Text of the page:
By Gary Curreri
Patrick Peterson said it was important for his inaugural football skills clinic to be in his hometown.
“I was born and raised here in Pompano where there is a great tradition and a lot of great athletes,” said Peterson, 21, a twotime All-Pro defensive back for the Arizona Cardinals. “I felt it was an obligation and a priority for me to come back and give back to the kids and show them that I appreciate them as much as they appreciate me.”
More than 175 youngsters ranging in age from 7 to 17 turned out for the inaugural “Patrick Peterson Skilled Football Camp” at the Four Fields Sports Complex in Pompano Beach recently. Peterson’s parents, Patrick Sr. and Shanera, were also on-hand to help out. The age group ranged from 7 to 17, and he made it a point to greet every camper individually.
Many of Peterson’s pro and college teammates were on-hand to help Peterson deliver his message that reinforces the values of hard work and respect that he learned as a young man.
“Hard work and dedication is what I thrive off of,” Patrick Peterson said. “[My dad and I] continuously worked day in and day out. Even when I was 2 years old, I had a work ethic that I always wanted to be better.
“Not being good enough was never an option,” Peterson continued. “I always wanted to be better than the guy I lined up against. I wanted to be the best player I could be every time I stepped on the field … to show them there are always ways to get better. It is a pleasure to be here and be in these guys’ good graces to give back and share … my football knowledge with them.”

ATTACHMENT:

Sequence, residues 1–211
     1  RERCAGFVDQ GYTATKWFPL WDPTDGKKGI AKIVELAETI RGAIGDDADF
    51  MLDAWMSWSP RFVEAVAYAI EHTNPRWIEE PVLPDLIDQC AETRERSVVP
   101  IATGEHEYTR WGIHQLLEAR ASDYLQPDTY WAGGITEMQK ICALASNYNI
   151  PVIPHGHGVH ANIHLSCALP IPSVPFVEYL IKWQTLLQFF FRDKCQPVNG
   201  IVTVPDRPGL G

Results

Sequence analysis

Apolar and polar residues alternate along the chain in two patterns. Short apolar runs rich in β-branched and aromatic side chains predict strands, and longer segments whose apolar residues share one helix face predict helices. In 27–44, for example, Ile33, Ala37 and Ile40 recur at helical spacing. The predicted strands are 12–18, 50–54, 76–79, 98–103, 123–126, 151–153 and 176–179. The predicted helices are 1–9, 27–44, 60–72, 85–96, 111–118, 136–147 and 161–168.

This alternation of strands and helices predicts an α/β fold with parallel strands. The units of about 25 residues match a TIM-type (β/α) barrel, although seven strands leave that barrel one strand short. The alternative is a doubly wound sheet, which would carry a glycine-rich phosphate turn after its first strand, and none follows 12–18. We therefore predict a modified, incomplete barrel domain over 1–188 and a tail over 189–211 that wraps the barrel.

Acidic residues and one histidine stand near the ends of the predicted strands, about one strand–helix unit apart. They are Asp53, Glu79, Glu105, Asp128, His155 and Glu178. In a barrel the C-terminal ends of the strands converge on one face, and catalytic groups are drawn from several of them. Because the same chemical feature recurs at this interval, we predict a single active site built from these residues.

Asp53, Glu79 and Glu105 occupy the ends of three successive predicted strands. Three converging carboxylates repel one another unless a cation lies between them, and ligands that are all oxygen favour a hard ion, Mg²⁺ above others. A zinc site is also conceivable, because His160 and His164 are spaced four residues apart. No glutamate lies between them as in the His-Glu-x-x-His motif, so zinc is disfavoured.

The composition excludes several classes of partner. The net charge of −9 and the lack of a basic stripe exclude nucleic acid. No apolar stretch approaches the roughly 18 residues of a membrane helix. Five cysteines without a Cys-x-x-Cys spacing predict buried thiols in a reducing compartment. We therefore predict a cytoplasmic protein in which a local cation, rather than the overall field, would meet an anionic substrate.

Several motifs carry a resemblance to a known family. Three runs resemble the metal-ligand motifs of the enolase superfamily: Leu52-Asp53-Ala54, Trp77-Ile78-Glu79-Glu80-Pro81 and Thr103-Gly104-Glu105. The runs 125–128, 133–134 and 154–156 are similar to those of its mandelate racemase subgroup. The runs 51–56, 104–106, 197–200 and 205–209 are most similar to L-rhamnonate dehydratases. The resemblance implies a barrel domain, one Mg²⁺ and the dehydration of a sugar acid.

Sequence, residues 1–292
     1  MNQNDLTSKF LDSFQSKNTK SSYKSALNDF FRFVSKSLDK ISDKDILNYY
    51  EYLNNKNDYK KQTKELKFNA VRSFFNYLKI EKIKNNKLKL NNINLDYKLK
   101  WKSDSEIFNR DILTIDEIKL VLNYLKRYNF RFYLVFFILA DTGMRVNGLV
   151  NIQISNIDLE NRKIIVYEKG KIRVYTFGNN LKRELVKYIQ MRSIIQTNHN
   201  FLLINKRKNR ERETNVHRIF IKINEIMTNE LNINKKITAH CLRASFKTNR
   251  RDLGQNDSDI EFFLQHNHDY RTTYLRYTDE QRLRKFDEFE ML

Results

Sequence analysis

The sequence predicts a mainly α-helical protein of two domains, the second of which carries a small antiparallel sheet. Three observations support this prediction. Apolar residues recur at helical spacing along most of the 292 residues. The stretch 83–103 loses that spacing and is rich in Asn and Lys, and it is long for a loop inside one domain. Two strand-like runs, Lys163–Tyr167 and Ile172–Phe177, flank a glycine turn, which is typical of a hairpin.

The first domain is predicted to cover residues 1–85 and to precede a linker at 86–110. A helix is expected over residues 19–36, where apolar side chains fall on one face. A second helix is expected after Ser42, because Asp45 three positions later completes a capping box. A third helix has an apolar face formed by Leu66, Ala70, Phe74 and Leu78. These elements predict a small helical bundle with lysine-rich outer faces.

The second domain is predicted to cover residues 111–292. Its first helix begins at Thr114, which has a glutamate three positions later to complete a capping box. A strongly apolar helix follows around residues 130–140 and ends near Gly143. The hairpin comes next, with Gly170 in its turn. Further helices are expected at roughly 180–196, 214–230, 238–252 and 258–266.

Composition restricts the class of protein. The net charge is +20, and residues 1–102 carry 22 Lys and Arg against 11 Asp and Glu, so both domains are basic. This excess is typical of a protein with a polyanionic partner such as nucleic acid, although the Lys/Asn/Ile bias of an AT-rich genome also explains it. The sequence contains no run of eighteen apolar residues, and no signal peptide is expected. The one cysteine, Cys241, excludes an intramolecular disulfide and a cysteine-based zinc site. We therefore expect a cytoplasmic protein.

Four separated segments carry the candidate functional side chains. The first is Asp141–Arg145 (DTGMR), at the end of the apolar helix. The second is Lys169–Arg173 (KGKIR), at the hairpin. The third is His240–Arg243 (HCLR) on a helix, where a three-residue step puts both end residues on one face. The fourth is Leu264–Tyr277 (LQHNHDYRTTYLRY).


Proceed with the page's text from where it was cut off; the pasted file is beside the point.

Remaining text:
Peterson first started playing youth football with the Pompano Eagles and went on to star at Blanche Ely and LSU before getting drafted by the Cardinals in the first round.
Shanera said her son started to say the word “football” at age 2. She agreed it was important for him to hold his first clinic in his hometown.
“It was very important because, when he started planning it, he always spoke of doing his first camp in Pompano Beach, where he was from,” Shanera said.
Peterson Sr. agreed: “It’s great to see my son giving back and teaching the kids to become something they have always dreamed of.”
The kids paid a $10 fee and got a T-Shirt, lunch, drinks, grab bag with Arizona Cardinals flag, wristband and specialty-made blackout for under their eyes.
Pompano Beach’s Bryce Cunneen, 11, came away impressed.
“It felt great meeting Patrick Peterson because he is a great football player and role model for kids,” said Cunneen, a sixth grader at St. Coleman’s School. “[He] and his dad do a lot for the Pompano Beach community, including his speed and agility training.
“The clinic was awesome,” Cunneen added. “We learned how to be a better athlete and ‘how if you look up to your dreams, you will always go up! Never give up! They taught us a lot with the drills, how to perform at our optimum level! “
Peterson shared one message with the players that he hopes will stick.
“Never give up on your dream and never let anyone tell you that you can’t do anything, even yourself,” Peterson said. “You always have to have confidence in yourself and self motivation, I believe, to be successful.”